I’m guessing there are Obama strategists and Republican presidential hopefuls worried as we speak about rising gas prices. If 2012 dawns with Americans paying $5 a gallon for gas, and the per barrel price passing the $100 mark, oil will be on everyone’s mind. And who is the American politician most identified with aggressive energy production? Sarah Palin.
Unforeseen developments have a way of putting unexpected people in the White House. When the economic crisis hit in September of 2008 McCain and Palin were actually leading Obama-Biden in the polls. Obama handled the issue better than McCain and it had a lot to do with his election.
If the country is reeling with record-high energy prices and rising prices on all commodities that are made with petroleum, which is almost everything, and with Obama’s wrong-headed anti-drilling policies only exacerbating the problem, the issue will become who can get us out of this energy pickle. Huckabee? Romney? Obama? None of them has a track record with energy. None of them has the unblemished history of advocating aggressive domestic energy exploration. The only one who does is Palin.
I’m not trying to predict the future, but if I were an anti-energy politician and I saw this crisis looming, I’d be worried about Palin in my rearview mirror. People are already getting worried. Imagine what they’ll feel like in two years.
Can Obama pivot to become an advocate of domestic energy production without looking like hypocrite? Will his base allow him to rescind his ban on offshore drilling, and will he have the courage to say we need to drill in ANWR for the sake of the U.S. economy and national security? Somehow I doubt it.Read full article » No Comments »
Terry Stoops, the John Locke Foundation’s director of education studies, points out a major flaw in U.S. Secretary of Education Arne Duncan’s letter to the Wake County School Board:
Wake County did not have a “long-standing policy to promote racial diversity.” It was a policy implemented for 10 years aimed at promoting “socioeconomic” diversity. Race-based busing is a no-no according to the U.S. Supreme Court.
Par for the course. That’s about the level of adherence the Obama administration has displayed toward the “laws of the land.”Read full article » No Comments »
A couple of recent polls throw heaps of cold water on the claims of liberals that conservative values are in the minority in this country and that most of us really want big-government solutions to all our problems.
First, and most relevant to recent events:
Saturday’s shooting of Arizona Congresswoman Gabrielle Giffords, in which six people were killed, could not have been prevented, 40 percent of American voters say in a Quinnipiac University national poll released today. Another 23 percent blame the mental health system, while 15 percent say it was due to heated political rhetoric and 9 percent attribute the tragedy to lax gun control.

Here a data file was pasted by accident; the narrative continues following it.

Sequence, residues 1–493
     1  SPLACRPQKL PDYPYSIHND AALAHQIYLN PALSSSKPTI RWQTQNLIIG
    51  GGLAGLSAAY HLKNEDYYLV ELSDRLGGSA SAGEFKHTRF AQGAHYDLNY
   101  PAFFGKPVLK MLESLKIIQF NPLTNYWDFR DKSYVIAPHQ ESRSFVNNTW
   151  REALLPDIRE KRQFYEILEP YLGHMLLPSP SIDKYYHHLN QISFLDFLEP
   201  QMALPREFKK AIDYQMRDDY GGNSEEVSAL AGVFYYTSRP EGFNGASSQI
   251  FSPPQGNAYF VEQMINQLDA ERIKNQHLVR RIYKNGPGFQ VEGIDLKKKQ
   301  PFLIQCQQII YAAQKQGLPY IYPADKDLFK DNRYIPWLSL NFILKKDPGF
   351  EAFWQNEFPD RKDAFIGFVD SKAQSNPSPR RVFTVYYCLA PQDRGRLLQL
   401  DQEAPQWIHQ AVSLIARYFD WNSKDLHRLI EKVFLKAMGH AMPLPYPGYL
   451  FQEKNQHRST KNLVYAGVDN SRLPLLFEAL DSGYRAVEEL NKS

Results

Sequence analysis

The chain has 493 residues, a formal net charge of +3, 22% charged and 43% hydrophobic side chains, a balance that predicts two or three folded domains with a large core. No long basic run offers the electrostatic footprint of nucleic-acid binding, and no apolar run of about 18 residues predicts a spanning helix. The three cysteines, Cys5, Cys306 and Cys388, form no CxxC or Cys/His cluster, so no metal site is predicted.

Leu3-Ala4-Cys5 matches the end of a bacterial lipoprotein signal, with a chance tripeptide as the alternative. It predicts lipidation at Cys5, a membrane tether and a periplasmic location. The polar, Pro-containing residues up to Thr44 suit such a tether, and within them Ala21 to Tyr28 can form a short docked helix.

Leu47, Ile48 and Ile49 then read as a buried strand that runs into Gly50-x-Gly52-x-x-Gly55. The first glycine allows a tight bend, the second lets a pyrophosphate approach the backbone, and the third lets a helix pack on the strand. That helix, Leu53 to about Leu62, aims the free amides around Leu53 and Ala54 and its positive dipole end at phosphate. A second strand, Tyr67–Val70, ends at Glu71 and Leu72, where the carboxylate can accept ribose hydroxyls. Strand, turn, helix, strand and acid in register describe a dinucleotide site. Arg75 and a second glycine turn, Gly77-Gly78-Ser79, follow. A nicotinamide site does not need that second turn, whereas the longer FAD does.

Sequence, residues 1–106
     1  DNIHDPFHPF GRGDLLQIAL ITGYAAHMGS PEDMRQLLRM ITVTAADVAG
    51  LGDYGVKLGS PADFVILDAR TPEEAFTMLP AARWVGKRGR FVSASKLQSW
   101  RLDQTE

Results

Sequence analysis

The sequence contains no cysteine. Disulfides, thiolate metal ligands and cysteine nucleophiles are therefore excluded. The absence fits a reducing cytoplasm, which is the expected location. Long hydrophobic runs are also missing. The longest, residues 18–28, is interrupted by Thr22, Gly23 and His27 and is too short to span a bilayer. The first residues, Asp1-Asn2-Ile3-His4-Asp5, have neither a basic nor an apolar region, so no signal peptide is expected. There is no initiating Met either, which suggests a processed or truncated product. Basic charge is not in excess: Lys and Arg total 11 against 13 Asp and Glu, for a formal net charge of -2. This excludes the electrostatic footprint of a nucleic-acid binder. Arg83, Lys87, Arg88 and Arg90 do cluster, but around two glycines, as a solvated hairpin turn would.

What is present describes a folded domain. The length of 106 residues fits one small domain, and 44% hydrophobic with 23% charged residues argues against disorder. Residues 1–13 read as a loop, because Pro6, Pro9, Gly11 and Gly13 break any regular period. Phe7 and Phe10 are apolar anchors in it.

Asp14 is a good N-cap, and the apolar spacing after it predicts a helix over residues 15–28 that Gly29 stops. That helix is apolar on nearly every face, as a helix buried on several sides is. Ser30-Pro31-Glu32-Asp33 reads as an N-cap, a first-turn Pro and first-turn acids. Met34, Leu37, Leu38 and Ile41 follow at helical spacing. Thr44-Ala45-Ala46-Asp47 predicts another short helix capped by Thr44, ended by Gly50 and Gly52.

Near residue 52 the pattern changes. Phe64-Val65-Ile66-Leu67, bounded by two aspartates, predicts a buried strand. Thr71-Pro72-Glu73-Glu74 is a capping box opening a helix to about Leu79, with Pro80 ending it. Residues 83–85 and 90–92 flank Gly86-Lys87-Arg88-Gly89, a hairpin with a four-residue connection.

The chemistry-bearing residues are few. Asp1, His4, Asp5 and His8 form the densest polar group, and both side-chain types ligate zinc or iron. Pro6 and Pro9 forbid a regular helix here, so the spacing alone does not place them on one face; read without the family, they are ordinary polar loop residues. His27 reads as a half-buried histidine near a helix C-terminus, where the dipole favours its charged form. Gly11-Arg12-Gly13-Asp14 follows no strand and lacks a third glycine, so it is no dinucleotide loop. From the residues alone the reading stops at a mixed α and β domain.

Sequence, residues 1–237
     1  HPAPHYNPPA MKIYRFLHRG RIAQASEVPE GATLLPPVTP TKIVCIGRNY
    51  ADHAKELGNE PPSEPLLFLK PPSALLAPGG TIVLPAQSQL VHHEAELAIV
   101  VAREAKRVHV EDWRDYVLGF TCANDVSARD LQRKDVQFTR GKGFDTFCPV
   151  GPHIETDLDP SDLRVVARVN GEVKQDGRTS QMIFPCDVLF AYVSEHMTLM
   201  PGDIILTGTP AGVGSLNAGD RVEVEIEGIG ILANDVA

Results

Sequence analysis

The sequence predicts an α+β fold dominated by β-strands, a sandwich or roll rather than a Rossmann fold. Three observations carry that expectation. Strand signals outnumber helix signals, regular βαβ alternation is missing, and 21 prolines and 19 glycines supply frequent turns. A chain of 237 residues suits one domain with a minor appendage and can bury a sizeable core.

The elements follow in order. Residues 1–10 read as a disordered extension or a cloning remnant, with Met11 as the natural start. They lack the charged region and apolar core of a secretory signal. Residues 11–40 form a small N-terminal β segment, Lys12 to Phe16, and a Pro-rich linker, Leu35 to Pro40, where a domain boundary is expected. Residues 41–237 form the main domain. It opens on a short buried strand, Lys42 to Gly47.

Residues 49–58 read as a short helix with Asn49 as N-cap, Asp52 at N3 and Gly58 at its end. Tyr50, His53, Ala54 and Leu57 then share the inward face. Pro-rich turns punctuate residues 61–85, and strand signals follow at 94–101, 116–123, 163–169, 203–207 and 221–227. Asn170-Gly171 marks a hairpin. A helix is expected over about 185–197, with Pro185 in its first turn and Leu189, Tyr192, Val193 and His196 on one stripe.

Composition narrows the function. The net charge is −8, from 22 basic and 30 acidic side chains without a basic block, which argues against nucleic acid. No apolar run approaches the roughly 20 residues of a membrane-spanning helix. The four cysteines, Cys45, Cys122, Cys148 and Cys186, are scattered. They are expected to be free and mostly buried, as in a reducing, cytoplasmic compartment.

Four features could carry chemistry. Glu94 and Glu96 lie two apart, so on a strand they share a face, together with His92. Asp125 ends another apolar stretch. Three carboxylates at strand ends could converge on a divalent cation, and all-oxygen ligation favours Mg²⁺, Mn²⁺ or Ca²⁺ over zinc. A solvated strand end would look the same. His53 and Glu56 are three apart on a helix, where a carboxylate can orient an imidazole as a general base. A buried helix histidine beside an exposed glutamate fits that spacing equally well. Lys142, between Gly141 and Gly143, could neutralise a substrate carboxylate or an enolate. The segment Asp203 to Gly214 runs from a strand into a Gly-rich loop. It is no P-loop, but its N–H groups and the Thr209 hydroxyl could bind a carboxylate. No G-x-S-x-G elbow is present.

Got that? 15 percent. That’s nearly 1 in 7. I’d call that a landslide, especially in light of the monstrous (in more ways than one) effort by liberals, Democrats and the media to convince us otherwise.
Second, again a landslide:
Some 71 percent of those surveyed oppose increasing the borrowing authority, the focus of a brewing political battle over federal spending. Only 18 percent support an increase.
Nothing more dramatically shows the effect the Tea Party movement has had on the way Americans view big government than those findings.
Increasingly, Americans are coming to learn that this is not a liberal, left or progressive country. Most Americans are sensible, hard-working, God-fearing, compassionate people who don’t want government telling them how to spend their money. They don’t mind paying taxes, but not so that others don’t have to work for their food and shelter like most of us do. They believe in a safety net, but not one that shelters people from cradle to grave and saps the initiative from able-bodied people. And they want government to limit itself to the things government is supposed to do, and quit trying to engineer society into some semblance of a left-wing academic’s dream.
It’s pretty simple.Read full article » No Comments »
The Herald-Sun had a story today about a new middle school in Chatham County that is trying to get Leadership in Energy & Environmental Design (LEED) certification. The school has all the bells and whistles that make environuts warm and fuzzy, but which have absolutely nothing to do with education. Will Solatubes and solar energy panels help Johnny and Jean learn math or history? Only in the mind of an acquisitive bureaucrat, perhaps.
LEED certification may seem an innocuous thing. With all the energy-saving geegaws, why not put in for something that allows the principal to put a neat little plaque in the lobby? Well, there’s a catch, which there always is with the control freaks in the U.S. Green Building Council, which administers the LEED standards. Here’s the ominous proviso: